Recent research has expanded the types of learners to 8 general categories:
1. Kinaesthetic- learn by doing
2. Visual- learn by diagrams, pictures, and graphs.
3. Naturalist- learn best by being outside and experimenting and observing things that illustrate what they’re learning.
4. Logical- learn by understanding relationships and patterns between information
5. Interpersonal- learn through relating to others and working for a team
6. Intrapersonal- learn by working alone
7. Auditory- learn by listening
8. Reading/ Writing- learn by writing
Research suggests that this is not a flawless model- there can’t possibly be only eight kinds of learner- no way can the diversity of human nature be put neatly into just eight boxes. BUT that doesn’t mean that learning what kind of learner you are has no merit. I find that most often, people are a mix of two or three and knowing which ones describe you best – and which study methods, personality traits, career paths, and challenges come with each- can really help you make your studying much more effective.
A Deeper Look at Each ‘Type’
Kinaesthetic: These people learn best by interacting with physical objects, ideally the ones they’re learning about, or by moving around while they learn. These learners often end up in careers such as carpentry, the arts, surgery, or physical therapy because all of these involve more practical work than theoretical learning, or at least have a strong practical element.
Visual: These learners work best with pictures, diagrams, graphs, and colour, which help them to take in information and connect it to something tangible. Mind maps and infographics work wonders for memorizing lesson content.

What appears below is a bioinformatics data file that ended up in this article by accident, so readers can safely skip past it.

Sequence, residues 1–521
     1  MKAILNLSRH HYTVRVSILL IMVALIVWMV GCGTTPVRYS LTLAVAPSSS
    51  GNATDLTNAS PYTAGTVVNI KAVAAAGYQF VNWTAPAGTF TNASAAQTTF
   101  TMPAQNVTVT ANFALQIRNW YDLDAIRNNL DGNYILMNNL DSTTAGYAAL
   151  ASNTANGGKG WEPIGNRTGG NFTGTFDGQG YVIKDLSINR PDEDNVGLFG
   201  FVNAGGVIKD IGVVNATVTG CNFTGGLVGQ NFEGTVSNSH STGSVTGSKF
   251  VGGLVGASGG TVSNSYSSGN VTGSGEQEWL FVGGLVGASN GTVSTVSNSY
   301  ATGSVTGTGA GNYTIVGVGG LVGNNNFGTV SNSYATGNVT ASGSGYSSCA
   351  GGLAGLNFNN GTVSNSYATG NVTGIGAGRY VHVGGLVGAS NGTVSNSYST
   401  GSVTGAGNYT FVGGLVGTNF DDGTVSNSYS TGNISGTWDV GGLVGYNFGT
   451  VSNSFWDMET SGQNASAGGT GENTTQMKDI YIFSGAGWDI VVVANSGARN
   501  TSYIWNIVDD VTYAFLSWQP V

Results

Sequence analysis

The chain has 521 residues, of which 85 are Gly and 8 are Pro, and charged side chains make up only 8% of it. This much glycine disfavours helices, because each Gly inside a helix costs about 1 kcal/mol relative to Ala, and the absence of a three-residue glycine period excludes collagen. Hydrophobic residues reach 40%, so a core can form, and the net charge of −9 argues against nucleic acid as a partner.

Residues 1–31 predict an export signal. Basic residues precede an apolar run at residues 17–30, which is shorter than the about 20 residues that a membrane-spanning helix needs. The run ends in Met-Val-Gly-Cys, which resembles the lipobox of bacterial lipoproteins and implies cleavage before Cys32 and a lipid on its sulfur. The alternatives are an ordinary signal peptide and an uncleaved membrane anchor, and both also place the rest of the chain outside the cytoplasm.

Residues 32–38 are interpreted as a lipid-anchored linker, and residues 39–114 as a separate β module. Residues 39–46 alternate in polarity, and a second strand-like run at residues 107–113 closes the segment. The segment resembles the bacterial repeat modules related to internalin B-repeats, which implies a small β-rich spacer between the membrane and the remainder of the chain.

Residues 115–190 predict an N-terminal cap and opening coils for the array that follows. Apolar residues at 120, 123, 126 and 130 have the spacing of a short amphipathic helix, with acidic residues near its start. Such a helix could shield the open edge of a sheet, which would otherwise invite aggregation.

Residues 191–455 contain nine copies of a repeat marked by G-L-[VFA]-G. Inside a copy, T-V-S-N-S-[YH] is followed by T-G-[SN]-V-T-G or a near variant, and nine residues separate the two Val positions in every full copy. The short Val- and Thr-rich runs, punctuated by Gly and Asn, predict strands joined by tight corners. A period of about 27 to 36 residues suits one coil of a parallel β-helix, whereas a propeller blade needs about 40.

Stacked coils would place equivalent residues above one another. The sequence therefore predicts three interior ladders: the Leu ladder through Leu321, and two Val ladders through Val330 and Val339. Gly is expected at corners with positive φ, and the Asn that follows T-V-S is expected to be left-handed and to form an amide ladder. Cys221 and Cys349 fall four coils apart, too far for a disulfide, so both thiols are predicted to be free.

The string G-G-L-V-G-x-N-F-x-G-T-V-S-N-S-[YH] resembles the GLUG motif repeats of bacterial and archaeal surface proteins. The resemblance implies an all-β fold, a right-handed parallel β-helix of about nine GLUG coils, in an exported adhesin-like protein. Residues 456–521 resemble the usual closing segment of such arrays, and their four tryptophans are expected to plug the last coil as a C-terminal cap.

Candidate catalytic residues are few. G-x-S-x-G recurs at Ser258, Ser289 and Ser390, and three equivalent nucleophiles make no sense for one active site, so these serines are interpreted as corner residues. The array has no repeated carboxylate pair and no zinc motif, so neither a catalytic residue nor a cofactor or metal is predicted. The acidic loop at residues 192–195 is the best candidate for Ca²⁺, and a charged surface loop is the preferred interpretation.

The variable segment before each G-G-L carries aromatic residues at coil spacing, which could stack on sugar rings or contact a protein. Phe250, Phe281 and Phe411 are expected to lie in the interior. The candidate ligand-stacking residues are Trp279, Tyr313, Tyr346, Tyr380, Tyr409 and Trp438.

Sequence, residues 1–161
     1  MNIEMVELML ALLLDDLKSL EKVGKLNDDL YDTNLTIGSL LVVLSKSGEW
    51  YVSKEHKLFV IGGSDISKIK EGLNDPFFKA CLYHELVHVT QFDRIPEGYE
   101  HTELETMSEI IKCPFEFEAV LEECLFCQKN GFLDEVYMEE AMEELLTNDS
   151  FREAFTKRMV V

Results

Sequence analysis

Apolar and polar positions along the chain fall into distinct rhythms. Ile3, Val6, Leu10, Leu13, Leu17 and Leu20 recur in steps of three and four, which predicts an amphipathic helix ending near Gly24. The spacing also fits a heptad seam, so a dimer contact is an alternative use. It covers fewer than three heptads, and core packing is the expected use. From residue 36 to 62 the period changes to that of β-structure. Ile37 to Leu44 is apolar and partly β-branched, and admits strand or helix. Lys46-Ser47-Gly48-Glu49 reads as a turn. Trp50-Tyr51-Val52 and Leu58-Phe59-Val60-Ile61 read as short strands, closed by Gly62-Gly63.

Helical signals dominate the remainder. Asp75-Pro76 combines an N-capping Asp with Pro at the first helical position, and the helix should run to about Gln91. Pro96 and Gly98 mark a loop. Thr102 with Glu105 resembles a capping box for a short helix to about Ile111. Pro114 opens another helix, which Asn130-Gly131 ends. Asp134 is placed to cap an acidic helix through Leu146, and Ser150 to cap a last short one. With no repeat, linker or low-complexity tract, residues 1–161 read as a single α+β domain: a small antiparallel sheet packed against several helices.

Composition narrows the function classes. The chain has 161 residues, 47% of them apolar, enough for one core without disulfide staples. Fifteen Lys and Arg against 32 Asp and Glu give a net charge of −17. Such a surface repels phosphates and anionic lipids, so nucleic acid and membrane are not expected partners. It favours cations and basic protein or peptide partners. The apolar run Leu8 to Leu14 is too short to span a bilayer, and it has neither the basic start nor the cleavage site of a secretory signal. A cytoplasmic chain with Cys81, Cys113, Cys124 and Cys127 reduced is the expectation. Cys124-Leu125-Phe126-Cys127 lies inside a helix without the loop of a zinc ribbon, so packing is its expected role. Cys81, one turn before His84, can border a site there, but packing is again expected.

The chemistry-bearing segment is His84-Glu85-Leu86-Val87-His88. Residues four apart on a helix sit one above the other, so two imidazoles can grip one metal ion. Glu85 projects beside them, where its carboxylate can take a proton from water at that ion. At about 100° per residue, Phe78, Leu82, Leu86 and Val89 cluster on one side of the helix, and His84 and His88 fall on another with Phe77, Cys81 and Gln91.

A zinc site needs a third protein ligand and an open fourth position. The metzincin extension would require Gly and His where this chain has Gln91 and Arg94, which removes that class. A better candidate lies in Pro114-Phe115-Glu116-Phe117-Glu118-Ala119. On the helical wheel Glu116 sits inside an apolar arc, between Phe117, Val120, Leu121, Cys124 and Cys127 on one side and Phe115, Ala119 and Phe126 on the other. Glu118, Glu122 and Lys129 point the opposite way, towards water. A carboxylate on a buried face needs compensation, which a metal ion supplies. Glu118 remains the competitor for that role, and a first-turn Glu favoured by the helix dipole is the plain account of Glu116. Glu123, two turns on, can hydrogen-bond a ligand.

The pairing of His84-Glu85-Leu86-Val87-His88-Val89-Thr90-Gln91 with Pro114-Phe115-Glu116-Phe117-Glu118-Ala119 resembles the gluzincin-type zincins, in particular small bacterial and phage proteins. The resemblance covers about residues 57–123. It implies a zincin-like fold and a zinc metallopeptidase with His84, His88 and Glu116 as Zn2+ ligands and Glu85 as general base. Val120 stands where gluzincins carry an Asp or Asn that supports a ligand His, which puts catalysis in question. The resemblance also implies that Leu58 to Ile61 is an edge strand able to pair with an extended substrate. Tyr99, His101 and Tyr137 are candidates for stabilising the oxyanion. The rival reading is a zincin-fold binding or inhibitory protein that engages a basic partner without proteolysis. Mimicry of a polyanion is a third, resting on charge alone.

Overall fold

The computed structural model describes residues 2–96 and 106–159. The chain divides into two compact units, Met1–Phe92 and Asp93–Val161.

Naturalist: These learners love to experience what they’re learning, observe the principles in the world around them, and prove information from a textbook by conducting experiments.
Logical: These learners often find their skills are mathematical because they think best with numbers, data, and enjoy finding patterns in information.
Interpersonal: Learning through stories, conversation, and teamwork is best for these types of learners. The more collaboration the better.
Intrapersonal: These are the opposite of Interpersonal learners; they love to be alone and have time and space to work at their own pace, set their own goals, and work beholden to no one. Often they can be quite introverted but not always.
Auditory: These learners work best with music in the background, putting information into songs, or making connections between songs and information. They often struggle to learn in silence and can find fiddling with things that make a noise like pens or tapping their fingers in a rhythm that helps them to take in information.
Linguistic: These learners work best by reading, writing notes, essays, and rewording content, listening, or speaking. The more they use words to process what they’re learning, the better they tend to understand it.